Sunday, March 26, 2017

Review: The Orphan's Tale

Title: The Orphan’s Tale
Author: Pam Jenoff
Publisher: 20 February 2017 by Harlequin Australia - MIRA
Pages: 368 pages
How I Read It: ARC book
Genre: world war II, historical fiction
My Rating: 4.5 cups


A powerful novel of friendship set in a traveling circus during World War II, The Orphan's Tale introduces two extraordinary women and their harrowing stories of sacrifice and survival .

Sixteen-year-old Noa has been cast out in disgrace after becoming pregnant by a Nazi soldier and being forced to give up her baby. She lives above a small rail station, which she cleans in order to earn her keep… When Noa discovers a boxcar containing dozens of Jewish infants bound for a concentration camp, she is reminded of the child that was taken from her. And in a moment that will change the course of her life, she snatches one of the babies and flees into the snowy night.

Noa finds refuge with a German circus, but she must learn the flying trapeze act so she can blend in undetected, spurning the resentment of the lead aerialist, Astrid. At first rivals, Noa and Astrid soon forge a powerful bond. But as the facade that protects them proves increasingly tenuous, Noa and Astrid must decide whether their friendship is enough to save one another—or if the secrets that burn between them will destroy everything.

My Thoughts

She shakes her head stubbornly. “I would have been fine.” She considers the circus a shield of armor that somehow makes her immune to the Germans. But it simply isn’t true. “You can’t save everyone, you know.”

There appear to be mixed reactions to this book, however I can undoubtedly state, I enjoyed it. This is a story told from the two main characters points of view - Noa and Astrid - and their tale of working in a circus during WWII in Europe. This is not a biography, however, the premise is really quite interesting as it is loosely based around the research conducted by the author on real events and people from the time (see Epilogue) - with Jewish babies taken from their parents and a circus that would hide and give sanctuary to Jews during the war. This alone, to my mind, makes the book heartfelt and an emotional tale, as to be expected, when involving demonstrations of real courage and instincts of survival during the time of the Nazi persecution. The fact that it takes place in a circus is quite unique.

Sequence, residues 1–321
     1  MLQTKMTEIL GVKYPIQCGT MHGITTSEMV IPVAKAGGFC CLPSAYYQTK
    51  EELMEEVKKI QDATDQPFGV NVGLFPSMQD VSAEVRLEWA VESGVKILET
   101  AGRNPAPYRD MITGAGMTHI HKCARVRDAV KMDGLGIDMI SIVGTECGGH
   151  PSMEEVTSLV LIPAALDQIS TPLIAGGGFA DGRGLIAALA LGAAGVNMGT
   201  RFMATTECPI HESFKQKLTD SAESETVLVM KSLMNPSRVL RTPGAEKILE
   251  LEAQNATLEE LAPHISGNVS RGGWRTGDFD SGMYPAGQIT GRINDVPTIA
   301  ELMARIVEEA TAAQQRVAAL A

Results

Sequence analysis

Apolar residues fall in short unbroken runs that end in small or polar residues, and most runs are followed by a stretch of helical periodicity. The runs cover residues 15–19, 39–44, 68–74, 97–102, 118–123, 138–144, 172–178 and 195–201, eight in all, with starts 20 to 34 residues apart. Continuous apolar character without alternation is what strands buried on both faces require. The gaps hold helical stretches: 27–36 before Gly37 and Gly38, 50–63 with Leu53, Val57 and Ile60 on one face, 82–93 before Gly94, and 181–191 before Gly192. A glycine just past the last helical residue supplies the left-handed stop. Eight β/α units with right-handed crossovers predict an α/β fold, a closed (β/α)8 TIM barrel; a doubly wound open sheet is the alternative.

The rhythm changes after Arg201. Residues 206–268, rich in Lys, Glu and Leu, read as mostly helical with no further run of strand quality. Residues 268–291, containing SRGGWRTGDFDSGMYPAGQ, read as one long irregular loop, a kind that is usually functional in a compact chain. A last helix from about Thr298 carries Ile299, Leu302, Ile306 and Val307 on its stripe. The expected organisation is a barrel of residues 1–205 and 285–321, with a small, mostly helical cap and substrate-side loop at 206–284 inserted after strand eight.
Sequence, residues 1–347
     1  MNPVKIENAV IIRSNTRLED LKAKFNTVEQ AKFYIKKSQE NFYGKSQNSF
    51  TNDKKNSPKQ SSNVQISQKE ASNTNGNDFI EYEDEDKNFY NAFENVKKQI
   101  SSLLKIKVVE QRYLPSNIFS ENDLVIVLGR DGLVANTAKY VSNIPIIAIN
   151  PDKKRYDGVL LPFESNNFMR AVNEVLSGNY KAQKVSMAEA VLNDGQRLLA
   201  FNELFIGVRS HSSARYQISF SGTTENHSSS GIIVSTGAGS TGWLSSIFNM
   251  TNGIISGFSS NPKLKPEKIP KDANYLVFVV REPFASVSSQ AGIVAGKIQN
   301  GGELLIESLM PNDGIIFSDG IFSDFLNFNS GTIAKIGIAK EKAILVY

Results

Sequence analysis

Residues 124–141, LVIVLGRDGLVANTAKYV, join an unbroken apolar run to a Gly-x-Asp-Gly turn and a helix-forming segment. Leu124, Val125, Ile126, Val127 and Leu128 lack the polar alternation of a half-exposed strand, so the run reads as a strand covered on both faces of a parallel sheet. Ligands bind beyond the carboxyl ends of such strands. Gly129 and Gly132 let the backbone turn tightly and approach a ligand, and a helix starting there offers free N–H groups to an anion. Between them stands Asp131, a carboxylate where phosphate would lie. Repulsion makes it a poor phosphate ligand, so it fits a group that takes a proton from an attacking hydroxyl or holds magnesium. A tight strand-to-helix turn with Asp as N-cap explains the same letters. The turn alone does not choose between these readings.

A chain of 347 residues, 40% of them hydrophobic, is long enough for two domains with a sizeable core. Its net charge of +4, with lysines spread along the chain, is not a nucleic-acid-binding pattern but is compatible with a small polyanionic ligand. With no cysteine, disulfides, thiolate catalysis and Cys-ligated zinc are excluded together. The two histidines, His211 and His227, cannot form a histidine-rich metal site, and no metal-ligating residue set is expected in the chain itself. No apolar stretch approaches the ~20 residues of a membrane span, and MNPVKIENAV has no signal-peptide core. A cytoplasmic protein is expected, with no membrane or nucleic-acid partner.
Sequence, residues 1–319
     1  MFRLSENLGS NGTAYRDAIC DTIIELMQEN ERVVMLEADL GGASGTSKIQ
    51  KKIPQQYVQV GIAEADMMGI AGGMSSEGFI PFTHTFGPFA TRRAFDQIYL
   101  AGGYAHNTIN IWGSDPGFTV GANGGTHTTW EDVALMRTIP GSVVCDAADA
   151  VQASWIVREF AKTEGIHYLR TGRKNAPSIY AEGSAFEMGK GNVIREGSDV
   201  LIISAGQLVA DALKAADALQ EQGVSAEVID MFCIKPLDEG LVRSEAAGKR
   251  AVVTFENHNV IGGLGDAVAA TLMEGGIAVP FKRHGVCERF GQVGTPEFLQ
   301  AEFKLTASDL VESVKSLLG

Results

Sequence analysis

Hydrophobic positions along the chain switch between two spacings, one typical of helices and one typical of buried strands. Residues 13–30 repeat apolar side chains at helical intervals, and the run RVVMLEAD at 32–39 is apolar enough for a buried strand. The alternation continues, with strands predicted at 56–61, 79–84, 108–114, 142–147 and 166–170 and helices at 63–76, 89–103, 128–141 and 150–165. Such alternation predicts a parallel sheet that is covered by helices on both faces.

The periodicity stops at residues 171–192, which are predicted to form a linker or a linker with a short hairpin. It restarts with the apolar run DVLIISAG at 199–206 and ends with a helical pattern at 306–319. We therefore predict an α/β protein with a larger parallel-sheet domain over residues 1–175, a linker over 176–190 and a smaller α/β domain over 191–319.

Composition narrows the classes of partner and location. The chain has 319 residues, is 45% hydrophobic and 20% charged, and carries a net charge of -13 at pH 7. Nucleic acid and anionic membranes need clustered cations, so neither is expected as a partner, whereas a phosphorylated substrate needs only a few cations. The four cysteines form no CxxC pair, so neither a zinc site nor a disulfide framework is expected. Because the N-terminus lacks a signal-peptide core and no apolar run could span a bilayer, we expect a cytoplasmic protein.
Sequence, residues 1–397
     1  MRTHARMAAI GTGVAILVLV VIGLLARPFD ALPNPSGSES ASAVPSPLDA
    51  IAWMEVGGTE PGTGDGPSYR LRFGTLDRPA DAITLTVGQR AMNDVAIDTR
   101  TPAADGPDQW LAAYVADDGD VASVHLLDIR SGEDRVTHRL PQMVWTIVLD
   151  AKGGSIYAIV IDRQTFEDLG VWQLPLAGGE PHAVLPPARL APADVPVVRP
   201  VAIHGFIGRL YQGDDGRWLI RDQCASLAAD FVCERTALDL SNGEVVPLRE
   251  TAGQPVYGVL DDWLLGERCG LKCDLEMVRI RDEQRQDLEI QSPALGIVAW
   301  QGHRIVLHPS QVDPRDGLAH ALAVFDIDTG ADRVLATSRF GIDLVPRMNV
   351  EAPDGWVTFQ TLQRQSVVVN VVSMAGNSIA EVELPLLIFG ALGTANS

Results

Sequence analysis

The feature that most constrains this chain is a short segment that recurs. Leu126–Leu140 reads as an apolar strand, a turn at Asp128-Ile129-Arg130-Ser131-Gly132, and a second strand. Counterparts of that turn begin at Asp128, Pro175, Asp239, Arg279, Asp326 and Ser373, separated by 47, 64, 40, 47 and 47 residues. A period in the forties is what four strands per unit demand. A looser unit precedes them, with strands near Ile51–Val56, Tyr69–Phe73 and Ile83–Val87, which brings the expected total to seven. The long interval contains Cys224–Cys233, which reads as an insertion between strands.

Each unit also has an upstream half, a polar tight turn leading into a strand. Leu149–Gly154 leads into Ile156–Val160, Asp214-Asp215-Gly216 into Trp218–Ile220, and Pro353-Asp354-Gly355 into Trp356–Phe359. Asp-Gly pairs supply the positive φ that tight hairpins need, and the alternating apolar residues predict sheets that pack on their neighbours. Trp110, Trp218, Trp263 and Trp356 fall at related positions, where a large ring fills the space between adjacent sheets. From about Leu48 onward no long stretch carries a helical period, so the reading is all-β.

‘The circus is a great equalizer, though; no matter class or race or background, we are all the same here, judged on our talent.’

The title is somewhat confusing unless you broaden your understanding of the many orphans this sad war produced. This is not just about the Jewish baby, who only ever features on the periphery really. For me, both the lead characters were orphans in their own way, being lost to lose that love them. This is more a tale about friendship during a time of war, and that family can indeed be so much more than those you are related to. The circus is one large family providing a haven and hope; and the friendship between the two female leads - where they are prepared to sacrifice so much for the other - is inspiring.

“I am with you to the end,” she says, voice quavering slightly.”

Dissension comes from those expecting so much more from this tale - the horrors of war, the heartbreak and profound systematic breakdown of society. Instead, what you find here is a tale of love and hope in many ways and personal character interactions whilst living under the stresses of a dictatorial regime in a circus arena. It did hold my interest and I quickly made my way through this book to find out how the cryptic beginning would end, coming full circle.

The Orphan’s Tale is well written, as a good concept is brought to life and would appeal to those looking for a somewhat different approach to this well recorded period in history.

‘I can’t help but wonder where it will all end and where I will be when I can finally stop running at last.’

This review is based on a complimentary copy from the publisher and provided through NetGalley in exchange for an honest review. The quoted material may have changed in the final release

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